Because the molecular heterogeneity of AML remains only partially resolved, the first goal of our study was to determine whether DNA methylation profiling could identify new clinically and biologically relevant disease subtypes. For that purpose, blast cells of 344 newly diagnosed AML patients were subjected to DNA methylation profiling of over 50,000 CpG dinucleotides contained within ~14,000 unique gene loci using the HELP (HpaII tiny fragment enrichment by ligation-mediated PCR) method (Figueroa et al., 2009a; Khulan et al., 2006). Table 1 summarizes patients’ characteristics. DNA methylation measured by HELP was highly concordant with a quantitative single locus DNA methylation validation assay (correlation coefficient r = −0.88) in these AML patients (see Figure S1A available online). An unsupervised analysis using hierarchical clustering (1 - Pearson correlation distance and Ward’s clustering method) showed that leukemias could be distinctly grouped according to their methylation profiles. A cut-off of 16 clusters was selected for further analysis since this segregation most accurately overlapped with the currently known molecular subtypes of AML while at the same time revealing the existence of additional epigenetic differences among the remaining patients. The stability of these clusters was verified by performing comparison of multiple cluster analyses using a decreasing number of probe sets (based on alternative cutoffs of across-patient standard deviation, Figures S1B–S1E). Table 2 shows the clinical, cytogenetic, and molecular features of each of the 16 clusters. Three of these patient clusters correspond to AML subtypes defined by the World Health Organization classification (WHO, 2008) (Figure 1), another eight clusters were enriched for cases harboring specific genetic or epigenetic lesions, and the remaining five clusters could not be explained by any known morphologic, cytogenetic, or molecular feature. Each of these DNA methylation-defined AML subtypes displayed a unique epigenetic signature when compared with normal bone marrow CD34+ cells (Figure 2 and Tables S3A–S3P). Taken together, these data indicate that DNA methylation is not randomly distributed in AML blasts but rather is organized into highly coordinated and well-defined patterns. In most cases the AML subgroups showed a very strong hypermethylation signature as compared with normal marrow CD34+ cells. In contrast, a few of the clusters were hypomethylated in comparison to normal controls. This distinctive patterning is highly suggestive of a biologically significant role for altered DNA methylation in these different AML subtypes. The data also suggest that the most prevalent tumor-associated abnormality in gene promoter DNA methylation abundance is not always hypermethylation but can also be hypomethylation.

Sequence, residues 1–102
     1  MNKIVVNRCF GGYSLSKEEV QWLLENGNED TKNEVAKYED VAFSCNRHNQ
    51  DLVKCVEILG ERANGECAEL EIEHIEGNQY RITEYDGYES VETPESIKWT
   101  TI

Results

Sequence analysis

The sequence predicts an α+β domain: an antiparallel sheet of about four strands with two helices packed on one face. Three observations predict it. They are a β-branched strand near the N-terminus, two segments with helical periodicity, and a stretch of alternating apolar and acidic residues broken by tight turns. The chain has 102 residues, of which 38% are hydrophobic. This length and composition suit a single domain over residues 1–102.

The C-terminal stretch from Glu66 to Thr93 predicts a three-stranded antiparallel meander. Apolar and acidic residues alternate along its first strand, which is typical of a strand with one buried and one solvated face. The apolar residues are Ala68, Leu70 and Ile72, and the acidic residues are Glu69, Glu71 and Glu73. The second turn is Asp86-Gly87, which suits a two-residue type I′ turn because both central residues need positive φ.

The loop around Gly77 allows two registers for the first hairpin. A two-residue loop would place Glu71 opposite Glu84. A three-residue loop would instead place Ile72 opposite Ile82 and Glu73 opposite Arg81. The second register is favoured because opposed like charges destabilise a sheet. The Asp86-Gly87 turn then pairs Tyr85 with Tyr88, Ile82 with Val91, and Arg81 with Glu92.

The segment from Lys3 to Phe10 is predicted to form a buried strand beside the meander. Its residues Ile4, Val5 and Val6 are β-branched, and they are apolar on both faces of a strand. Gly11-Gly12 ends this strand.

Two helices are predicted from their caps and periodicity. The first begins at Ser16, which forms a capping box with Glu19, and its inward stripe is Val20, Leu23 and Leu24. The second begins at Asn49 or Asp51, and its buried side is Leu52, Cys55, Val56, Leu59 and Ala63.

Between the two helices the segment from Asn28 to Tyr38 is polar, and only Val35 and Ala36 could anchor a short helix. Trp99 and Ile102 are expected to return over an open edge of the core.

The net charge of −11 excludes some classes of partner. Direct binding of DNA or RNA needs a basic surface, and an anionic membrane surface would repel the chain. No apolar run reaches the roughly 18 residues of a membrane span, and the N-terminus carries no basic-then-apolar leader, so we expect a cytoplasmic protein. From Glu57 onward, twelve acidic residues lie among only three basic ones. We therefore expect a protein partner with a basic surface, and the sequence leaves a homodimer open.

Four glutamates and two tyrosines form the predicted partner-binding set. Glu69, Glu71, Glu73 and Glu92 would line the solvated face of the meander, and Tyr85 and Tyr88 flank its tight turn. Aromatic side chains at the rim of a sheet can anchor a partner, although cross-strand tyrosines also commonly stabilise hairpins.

The WHO classification of AML defines cases with t(8;21), inv(16), and t(15;17) translocations or the presence of the relevant fusion genes as separate entities indicative of a favorable clinical prognosis (WHO, 2008; Bloomfield et al., 1998; Grimwade et al., 1998). All three of these AML subtypes presented with a unique methylation profile. Methylation cluster 1 (n = 26) consisted entirely of cases carrying either inv(16) or t(16;16) (22/26 cases), or the CBFB-MYH11 fusion gene (4/26). Methylation cluster 3 was significantly enriched for cases positive for t(8;21) (22/31 cases, Fisher’s exact test p value < 1.85 E–25), and all cases in methylation cluster 6 carried the t(15;17) or the PML-RARA fusion gene (8/8 cases). Patients in the two core binding factor clusters did not further segregate according to cKit mutation status, indicating that the presence of this mutation does not result in a specific DNA methylation pattern. Supervised analysis comparing each of these clusters to a cohort of normal CD34+ cells from healthy donors revealed that they all exhibited a unique signature, with a strong shift toward genes being methylated in the AML subtypes compared with CD34+ normal marrow blasts. (Figure 2 and Table S3). The data are consistent with a scenario whereby each of these fusion oncoproteins can drive epigenetic patterning in hematopoietic cells, and/or cooperate to drive leukemogenesis when specific sets of complementary genes are deregulated through aberrant DNA methylation.